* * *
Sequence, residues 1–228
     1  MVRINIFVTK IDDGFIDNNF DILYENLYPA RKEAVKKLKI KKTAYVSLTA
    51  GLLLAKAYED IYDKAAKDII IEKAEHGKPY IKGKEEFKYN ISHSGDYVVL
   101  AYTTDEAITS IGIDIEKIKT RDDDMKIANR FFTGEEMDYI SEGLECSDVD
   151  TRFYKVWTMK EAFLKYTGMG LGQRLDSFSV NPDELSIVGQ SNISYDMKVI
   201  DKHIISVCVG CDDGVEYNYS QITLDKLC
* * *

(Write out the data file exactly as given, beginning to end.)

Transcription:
Sequence, residues 1–228
     1  MVRINIFVTK IDDGFIDNNF DILYENLYPA RKEAVKKLKI KKTAYVSLTA
    51  GLLLAKAYED IYDKAAKDII IEKAEHGKPY IKGKEEFKYN ISHSGDYVVL
   101  AYTTDEAITS IGIDIEKIKT RDDDMKIANR FFTGEEMDYI SEGLECSDVD
   151  TRFYKVWTMK EAFLKYTGMG LGQRLDSFSV NPDELSIVGQ SNISYDMKVI
   201  DKHIISVCVG CDDGVEYNYS QITLDKLC